Advanced Micro Devices generated solid revenue out of it PC chip business and saw encouraging numbers from its server processors, but falling sales of its graphics products and charges the company paid related to its relationship with Globalfoundries and its restructuring plan resulted in a $177 million loss in the fourth quarter of 2011.
The loss, announced Jan. 24, comes after a third quarter in which AMD, the world’s second-largest chip maker, earned $97 million, and $375 million in the fourth quarter of 2010. Revenue for the quarter was $1.69 billion, about the same as the previous quarter and a little better than the $1.65 billion in the same period in 2010.
AMD’s projection of an 8 percent decrease in revenue for the current quarter also missed analyst expectations.
President and CEO Rory Read set a positive tone during a conference call with journalists and analysts, saying the company has made significant improvements in execution, and that demand for both its PC and server chips are growing, but admitted that the graphics business was hurt in part by the flooding late last year in Thailand that significantly impacted the worldwide production of hard-disk drives (HDDs), which in turn reduced demand for graphics boards. Thailand produces more than 40 percent of the world’s HDDs.
Still, Read said, he expects the industry to bounce back in the coming quarters as the HDD market returns to normal. AMD executives also are hoping for a bounce from the company’s Radeon HD 7970 GPUs, which were released late last year. However, AMD and other graphics chip makers, like Nvidia, are facing a world where demand is increasing for chips that offer integrated graphics capabilities.
AMD also was dogged by its relationship with manufacturing partner Globalfoundries, which was created two years ago when AMD spun off its manufacturing business. AMD took a $209 million charge during the quarter in connection with the Globalfoundries investment, and took another $98 million charge related to its restructuring plan, which includes laying off 10 percent of the workforce.
During the call, CFO Thomas Seifert said AMD expects to save about $200 million from the layoffs, money it plans to reinvest in the company’s product development.
However, Read and other executives said they were pleased with the performance of AMD’s accelerated processing units (APUs), which were first introduced in January 2011. The APUs, first offered in notebook and desktop chips, offer graphics and CPUs integrated onto the same chip. Read said the company’s “Brazos” APUs, for lightweight notebooks and netbooks, have been the most successful product in AMD history, and the company saw a 25 percent increase in shipments of mobile chips throughout 2011.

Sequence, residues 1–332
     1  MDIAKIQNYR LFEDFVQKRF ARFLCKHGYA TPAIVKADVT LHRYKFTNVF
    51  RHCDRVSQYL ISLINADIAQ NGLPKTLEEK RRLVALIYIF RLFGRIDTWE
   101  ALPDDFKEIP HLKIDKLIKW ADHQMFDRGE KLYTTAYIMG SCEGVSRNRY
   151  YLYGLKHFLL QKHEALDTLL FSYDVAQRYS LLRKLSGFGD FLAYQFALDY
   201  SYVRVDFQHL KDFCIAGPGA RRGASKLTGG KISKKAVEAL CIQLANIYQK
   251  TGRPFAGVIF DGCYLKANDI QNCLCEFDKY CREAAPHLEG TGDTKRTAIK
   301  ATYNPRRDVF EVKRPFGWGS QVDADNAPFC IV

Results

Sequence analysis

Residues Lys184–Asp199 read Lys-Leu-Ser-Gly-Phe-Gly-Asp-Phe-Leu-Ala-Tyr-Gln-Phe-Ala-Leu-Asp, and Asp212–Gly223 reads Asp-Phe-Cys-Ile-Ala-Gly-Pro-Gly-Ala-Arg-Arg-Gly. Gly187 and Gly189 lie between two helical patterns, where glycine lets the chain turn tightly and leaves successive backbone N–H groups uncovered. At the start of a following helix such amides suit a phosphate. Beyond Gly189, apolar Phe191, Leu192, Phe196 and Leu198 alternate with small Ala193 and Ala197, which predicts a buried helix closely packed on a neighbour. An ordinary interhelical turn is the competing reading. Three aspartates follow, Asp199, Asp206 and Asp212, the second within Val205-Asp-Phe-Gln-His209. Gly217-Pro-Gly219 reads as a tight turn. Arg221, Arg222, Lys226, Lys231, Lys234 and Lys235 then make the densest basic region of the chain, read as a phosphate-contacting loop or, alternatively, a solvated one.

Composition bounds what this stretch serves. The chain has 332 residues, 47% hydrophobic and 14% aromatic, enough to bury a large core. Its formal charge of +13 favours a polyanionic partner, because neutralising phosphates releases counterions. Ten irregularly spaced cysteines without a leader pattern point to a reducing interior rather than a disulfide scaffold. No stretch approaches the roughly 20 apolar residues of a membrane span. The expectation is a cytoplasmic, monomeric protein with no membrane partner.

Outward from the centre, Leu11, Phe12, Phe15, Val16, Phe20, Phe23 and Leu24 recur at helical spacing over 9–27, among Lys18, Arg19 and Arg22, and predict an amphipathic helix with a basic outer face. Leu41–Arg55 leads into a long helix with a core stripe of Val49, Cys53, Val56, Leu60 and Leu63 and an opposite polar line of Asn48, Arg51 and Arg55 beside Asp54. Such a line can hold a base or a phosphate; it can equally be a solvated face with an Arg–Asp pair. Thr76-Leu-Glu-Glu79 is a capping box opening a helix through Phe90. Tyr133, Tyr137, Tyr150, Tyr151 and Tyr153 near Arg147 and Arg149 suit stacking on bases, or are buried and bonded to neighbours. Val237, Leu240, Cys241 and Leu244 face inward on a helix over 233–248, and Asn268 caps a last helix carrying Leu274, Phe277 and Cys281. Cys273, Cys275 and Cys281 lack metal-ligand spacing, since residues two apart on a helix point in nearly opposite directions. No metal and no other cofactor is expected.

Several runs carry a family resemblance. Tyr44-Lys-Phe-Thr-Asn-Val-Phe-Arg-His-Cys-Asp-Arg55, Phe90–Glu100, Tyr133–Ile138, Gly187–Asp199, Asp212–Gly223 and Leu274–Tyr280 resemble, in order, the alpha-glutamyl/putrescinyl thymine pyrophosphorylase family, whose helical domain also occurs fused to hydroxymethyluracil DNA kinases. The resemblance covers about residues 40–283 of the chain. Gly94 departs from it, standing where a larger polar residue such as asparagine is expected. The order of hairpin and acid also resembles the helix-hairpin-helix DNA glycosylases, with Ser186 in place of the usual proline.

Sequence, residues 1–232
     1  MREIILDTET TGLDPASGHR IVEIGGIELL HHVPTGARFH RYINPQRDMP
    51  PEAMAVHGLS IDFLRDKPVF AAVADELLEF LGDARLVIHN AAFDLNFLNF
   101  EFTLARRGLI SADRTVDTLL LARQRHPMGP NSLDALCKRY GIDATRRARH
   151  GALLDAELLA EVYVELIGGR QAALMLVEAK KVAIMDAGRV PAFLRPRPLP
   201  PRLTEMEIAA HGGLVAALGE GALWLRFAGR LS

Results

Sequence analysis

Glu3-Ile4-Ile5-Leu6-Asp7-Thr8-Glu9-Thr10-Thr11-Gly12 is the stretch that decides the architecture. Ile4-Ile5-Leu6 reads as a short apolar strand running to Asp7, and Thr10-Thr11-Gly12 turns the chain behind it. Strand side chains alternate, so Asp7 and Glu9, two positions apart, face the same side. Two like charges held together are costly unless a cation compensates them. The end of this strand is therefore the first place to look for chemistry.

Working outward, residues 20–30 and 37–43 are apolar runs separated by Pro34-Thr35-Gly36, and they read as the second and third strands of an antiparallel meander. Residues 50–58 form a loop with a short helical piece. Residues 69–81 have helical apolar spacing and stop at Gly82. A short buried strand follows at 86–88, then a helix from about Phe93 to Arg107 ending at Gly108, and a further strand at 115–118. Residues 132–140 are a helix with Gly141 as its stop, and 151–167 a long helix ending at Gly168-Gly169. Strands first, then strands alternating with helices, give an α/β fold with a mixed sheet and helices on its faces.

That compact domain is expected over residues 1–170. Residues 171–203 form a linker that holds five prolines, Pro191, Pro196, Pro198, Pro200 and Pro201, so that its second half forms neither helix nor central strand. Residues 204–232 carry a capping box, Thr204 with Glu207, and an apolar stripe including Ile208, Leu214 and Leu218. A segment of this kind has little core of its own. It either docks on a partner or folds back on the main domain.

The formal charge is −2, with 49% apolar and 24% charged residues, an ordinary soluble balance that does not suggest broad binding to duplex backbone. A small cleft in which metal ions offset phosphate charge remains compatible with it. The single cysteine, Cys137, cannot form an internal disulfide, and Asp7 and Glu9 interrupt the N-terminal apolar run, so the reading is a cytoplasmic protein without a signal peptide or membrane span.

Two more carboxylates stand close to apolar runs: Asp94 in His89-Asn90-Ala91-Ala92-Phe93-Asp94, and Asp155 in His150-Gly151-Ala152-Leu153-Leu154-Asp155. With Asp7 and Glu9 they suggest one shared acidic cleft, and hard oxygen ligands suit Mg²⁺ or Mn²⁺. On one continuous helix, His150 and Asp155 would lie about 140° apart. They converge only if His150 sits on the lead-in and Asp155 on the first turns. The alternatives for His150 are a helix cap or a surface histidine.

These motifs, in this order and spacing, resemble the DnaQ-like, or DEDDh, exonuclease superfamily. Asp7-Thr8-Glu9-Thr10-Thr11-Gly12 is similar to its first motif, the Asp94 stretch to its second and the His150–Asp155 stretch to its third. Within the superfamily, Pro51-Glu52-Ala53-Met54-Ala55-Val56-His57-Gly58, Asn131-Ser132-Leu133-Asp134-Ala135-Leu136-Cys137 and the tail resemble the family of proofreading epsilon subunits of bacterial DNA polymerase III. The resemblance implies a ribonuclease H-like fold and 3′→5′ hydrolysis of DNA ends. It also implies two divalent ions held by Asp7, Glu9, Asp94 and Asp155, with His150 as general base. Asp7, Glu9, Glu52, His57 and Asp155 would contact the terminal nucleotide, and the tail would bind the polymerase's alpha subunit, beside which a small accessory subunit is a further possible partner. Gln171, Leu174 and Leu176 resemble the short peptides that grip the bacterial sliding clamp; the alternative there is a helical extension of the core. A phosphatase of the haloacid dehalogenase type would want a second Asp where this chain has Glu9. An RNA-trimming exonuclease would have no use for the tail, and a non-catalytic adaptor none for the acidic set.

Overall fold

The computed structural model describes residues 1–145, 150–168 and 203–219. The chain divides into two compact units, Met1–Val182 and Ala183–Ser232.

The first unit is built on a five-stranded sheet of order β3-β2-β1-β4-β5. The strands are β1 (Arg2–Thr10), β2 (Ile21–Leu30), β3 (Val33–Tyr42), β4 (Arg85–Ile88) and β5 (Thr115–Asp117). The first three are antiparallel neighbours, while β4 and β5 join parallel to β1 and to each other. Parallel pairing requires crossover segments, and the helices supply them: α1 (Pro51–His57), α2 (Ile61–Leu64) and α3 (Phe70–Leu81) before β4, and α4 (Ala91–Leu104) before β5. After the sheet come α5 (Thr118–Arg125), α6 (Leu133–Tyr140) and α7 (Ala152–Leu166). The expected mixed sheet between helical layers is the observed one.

The chip maker is recovering from the stumble it took in the third quarter, when issues at a Globalfoundries’ manufacturing plant limited the number of 32-nanometer “Llano” chips hitting the market. Read has been vocal since about the need to improve AMD’s execution, and said that Llano processors for mainstream notebooks and desktops accounted for 80 percent of the company’s shipments in the fourth quarter.
AMD is hoping to see that trend later in the first half of 2012 when it launches “Trinity,” which it said will enable OEM partners to build very thin and light notebooks to meet a rapidly growing demand for such devices. The chips will offer double the performance-per-watt capability of current APUs and will fuel a new line of what AMD executives are calling “ultrathin” notebooks, which Read said will be as thin as 17mm.
Such devices will compete with Intel’s ultrabook push, which the larger chip maker kicked off in May 2011. OEMs such as Lenovo, Acer, Asus and Hewlett-Packard have introduced first-generation ultrabooks, and Intel officials have said they expect as many as 70 ultrabook designs based on their upcoming “Ivy Bridge” chip when it’s released later this year.
However, cost has been an issue with ultrabooks, with prices ranging from $900 to about $1,400. AMD officials believe that with Trinity, manufacturers will be able to make ultrathins that are almost as thin and light as ultrabooks, but at prices in the $500 range. Read said he expects consumers to embrace ultrathins, which will give them the mobility they want at an affordable price.
“We want to develop that kind of ultrathin experience that reaches the masses,” Read said. “Everyone.”
He also said the company is seeing strong interest in its 16-core Opteron 6200 and eight-core Opteron 4200 server chips, based on the new “Bulldozer” core. Read expects that interest to grow now that HP has announced five ProLiant servers based on the chip, and Dell is offering four PowerEdge blades powered by the new Opterons.